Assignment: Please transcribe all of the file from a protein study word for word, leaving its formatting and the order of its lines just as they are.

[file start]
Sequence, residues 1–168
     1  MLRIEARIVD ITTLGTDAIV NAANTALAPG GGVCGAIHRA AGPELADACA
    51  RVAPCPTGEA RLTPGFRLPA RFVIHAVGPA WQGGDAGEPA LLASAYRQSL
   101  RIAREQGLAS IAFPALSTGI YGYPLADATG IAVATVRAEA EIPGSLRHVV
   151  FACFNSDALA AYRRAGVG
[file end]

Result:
Sequence, residues 1–168
     1  MLRIEARIVD ITTLGTDAIV NAANTALAPG GGVCGAIHRA AGPELADACA
    51  RVAPCPTGEA RLTPGFRLPA RFVIHAVGPA WQGGDAGEPA LLASAYRQSL
   101  RIAREQGLAS IAFPALSTGI YGYPLADATG IAVATVRAEA EIPGSLRHVV
   151  FACFNSDALA AYRRAGVG